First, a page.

Canned is better for soups, stews, and sauces

You've heard it before: "Fresh is always better." Sure, that makes sense for raw applications filled with other fresh ingredients. We won't argue that sliced tomatoes taste amazing over a bed of greens with scratch vinaigrette. Cold sandwiches and in-season starters loaded with bursts of fresh tomatoes make for a great treat, too.

But, when it comes to cooking hot meals, canned tomatoes are almost always superior to their fresh counterparts. According to Daily Meal, canned tomatoes boast a much higher flavor concentration and withstand heat better than fresh ones. So, don't bother blanching and peeling tomatoes. The canned ones are more flavorful and convenient to throw in the pot.

Recipes that call for long simmering times, like soups, stews, and sauces, will always taste better when canned tomatoes are used. Whether you have plans to make a hearty Bolognese for guests or a giant pot of chili for the family, you'll appreciate grabbing a can or two of tomatoes instead of fresh ones.

Combine fresh and canned tomatoes for raw applications

Fresh Roma tomatoes are fabulous, especially at the peak of the harvest season. Whether you're an avid gardener or a home chef at heart, you know that the hype of the growing season is short-lived. Luckily, canned tomatoes sometimes have a way of saving the day, even in raw applications.

While nothing beats the quality of fresh tomatoes that are in season, some suggest that canned tomatoes are better than out-of-season tomatoes in foods like bruschetta. The easiest way to elevate canned tomatoes for this savory starter is by roasting seeded whole tomatoes (from the can), then chopping them up and combining them with fresh basil and minced garlic. Slab some over some toasty bread and enjoy.

You'll also appreciate this hack if you only have one tomato to spare and need a little more for your favorite garlicky appetizer. Dice up your fresh tomato and combine it in the bowl of freshly roasted tomato as it cools down. This will help soften your fresh diced tomato, so the contrast of both isn't so pronounced.

Canned whole tomatoes are best for sauces

By now, you have likely caught on that canned whole tomatoes are our favorite type, as they offer an abundance of benefits. They are undoubtedly the best type of canned tomatoes for pasta sauce and most other hot dishes.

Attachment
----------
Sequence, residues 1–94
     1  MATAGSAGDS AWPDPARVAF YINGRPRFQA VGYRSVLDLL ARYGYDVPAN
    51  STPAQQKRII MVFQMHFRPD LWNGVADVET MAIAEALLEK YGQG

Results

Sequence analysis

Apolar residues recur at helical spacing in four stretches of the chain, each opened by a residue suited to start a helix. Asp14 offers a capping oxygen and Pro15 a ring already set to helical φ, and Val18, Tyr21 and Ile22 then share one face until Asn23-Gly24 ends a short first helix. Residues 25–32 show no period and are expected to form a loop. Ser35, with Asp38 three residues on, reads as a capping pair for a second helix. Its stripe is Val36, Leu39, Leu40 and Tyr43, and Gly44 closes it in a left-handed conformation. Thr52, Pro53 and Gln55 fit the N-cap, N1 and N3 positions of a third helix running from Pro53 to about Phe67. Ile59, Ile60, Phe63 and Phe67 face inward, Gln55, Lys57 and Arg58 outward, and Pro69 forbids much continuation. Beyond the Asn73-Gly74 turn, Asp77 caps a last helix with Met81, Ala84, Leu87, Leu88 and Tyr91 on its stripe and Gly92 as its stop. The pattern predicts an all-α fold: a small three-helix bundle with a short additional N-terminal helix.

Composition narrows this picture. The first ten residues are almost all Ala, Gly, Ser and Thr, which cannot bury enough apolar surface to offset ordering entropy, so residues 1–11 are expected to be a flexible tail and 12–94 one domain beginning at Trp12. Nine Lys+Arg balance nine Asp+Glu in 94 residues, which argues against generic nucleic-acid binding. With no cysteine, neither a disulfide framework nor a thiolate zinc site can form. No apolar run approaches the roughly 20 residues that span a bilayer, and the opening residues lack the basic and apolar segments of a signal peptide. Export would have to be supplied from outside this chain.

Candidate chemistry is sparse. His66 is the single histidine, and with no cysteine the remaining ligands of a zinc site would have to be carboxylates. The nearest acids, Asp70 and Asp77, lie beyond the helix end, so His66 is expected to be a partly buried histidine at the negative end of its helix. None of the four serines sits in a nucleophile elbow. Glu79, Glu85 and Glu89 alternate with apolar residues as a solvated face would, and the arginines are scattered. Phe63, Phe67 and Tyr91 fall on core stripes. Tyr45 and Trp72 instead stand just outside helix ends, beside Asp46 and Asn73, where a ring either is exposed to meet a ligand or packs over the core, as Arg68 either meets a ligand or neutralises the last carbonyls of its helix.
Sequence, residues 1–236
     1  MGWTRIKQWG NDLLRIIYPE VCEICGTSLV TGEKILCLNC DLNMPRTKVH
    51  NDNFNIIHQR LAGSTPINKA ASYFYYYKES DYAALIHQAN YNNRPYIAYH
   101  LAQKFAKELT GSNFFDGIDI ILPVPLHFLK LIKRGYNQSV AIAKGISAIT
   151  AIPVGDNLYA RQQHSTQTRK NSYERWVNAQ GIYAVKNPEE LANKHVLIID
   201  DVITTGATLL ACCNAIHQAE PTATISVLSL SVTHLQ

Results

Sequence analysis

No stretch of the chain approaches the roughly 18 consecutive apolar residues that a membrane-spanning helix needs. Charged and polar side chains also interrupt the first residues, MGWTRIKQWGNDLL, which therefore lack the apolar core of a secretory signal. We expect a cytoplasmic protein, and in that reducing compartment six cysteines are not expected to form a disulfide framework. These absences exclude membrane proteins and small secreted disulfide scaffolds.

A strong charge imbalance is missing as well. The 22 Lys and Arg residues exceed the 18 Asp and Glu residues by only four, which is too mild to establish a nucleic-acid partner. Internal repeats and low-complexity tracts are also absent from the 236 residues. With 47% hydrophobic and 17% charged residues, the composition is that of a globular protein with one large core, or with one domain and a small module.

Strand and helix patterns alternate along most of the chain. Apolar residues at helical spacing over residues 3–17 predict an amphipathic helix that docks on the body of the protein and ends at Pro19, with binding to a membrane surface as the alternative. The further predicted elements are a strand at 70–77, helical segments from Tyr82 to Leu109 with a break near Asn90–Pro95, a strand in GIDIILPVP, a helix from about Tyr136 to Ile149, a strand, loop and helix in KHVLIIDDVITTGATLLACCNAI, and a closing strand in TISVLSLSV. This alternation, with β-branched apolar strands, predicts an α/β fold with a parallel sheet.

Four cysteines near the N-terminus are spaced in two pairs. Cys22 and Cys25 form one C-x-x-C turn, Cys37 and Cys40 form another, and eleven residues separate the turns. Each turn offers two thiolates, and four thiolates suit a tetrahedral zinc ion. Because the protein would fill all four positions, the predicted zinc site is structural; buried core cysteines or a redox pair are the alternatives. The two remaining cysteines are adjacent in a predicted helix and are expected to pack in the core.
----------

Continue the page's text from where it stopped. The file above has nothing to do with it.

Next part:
Not only are tinned whole tomatoes the least processed of the pack, but you have better control over several critical aspects of the dish when you use this variety. Because they come whole, you can control how much you want them to be broken down. Either start by dicing them up or let the prolonged heat do the job over time.

When it comes to flavor, you're already selecting the highest-quality varieties with whole peeled tomatoes, but from there, you'll have authority over seasoning rather than purchasing pre-seasoned selections.

Remember to always search those shelves for San Marzano selections, which consistently deliver the freshest, most flavorful tomatoes. You can't find that authentic flavor anywhere else, especially with the friendly price tag of something canned.

Canned diced tomatoes don't break down as well as whole tomatoes

Diced tomatoes have the word "convenience" written all over each tin can. They come already cut up into semi-uniform pieces, so all you have to do is open the can and dump it into whatever you're concocting. But you should know one important detail before buying canned diced tomatoes.

Diced tomatoes are preserved with a compound called calcium chloride, which helps keep the shape of each cut-up piece. Even after cooking the tomatoes, the inorganic compound makes the tomatoes extra resistant to breaking down into a smooth sauce.

This can be productive or counterintuitive, depending on what you are making. So if you're hoping for those little cubes to dissipate into a silky consistency, you won't get those results with diced tomatoes and are better off using whole-canned ones. However, if you are making a hearty stew or chili, where the large chunks of tomato should stand out, then diced tomatoes are what you should grab.

Opt for high-quality canned tomatoes

When it comes to canned tomatoes, some types and brands stand out against the rest. If you want your fresh tomato sauce to delight a crowd next time you have guests over, skip the store brands and reach for authentic brand names instead.

Bianco DiNapoli's organic whole-peeled tomatoes seem to hit the top charts in the world of tinned tomatoes. The New York Times and Mashed agree that those organic little gems offer superior flavor compared to all other brands, and you'll do your taste buds a favor by trying them out yourself.

If you can't find that exact brand, there is another simple secret to picking high-quality canned tomatoes. Always look for whole-peeled San Marzano tomatoes stamped with a D.O.P. label. The three-letter stamp means that there are rules to ensure that Italian regulations and standards were met for growing and canning these tomatoes. That genuine flavor is unbeatable.

Stop buying cheap premade sauces

Sometimes, we don't have the time or energy to whip up a complex dinner with fancy sauces and elegant side dishes. We're with you on that. That's why reaching for a jar of Rao's Homemade when you're just not in the mood to cook is a great option.

But did you know that making a flavorful marinara or tomato sauce isn't all that complicated or time-consuming? A few cloves of garlic, basil, and tomatoes are your main ingredients in a marinara, while a tomato sauce takes things up a notch using additional aromatics and seasonings.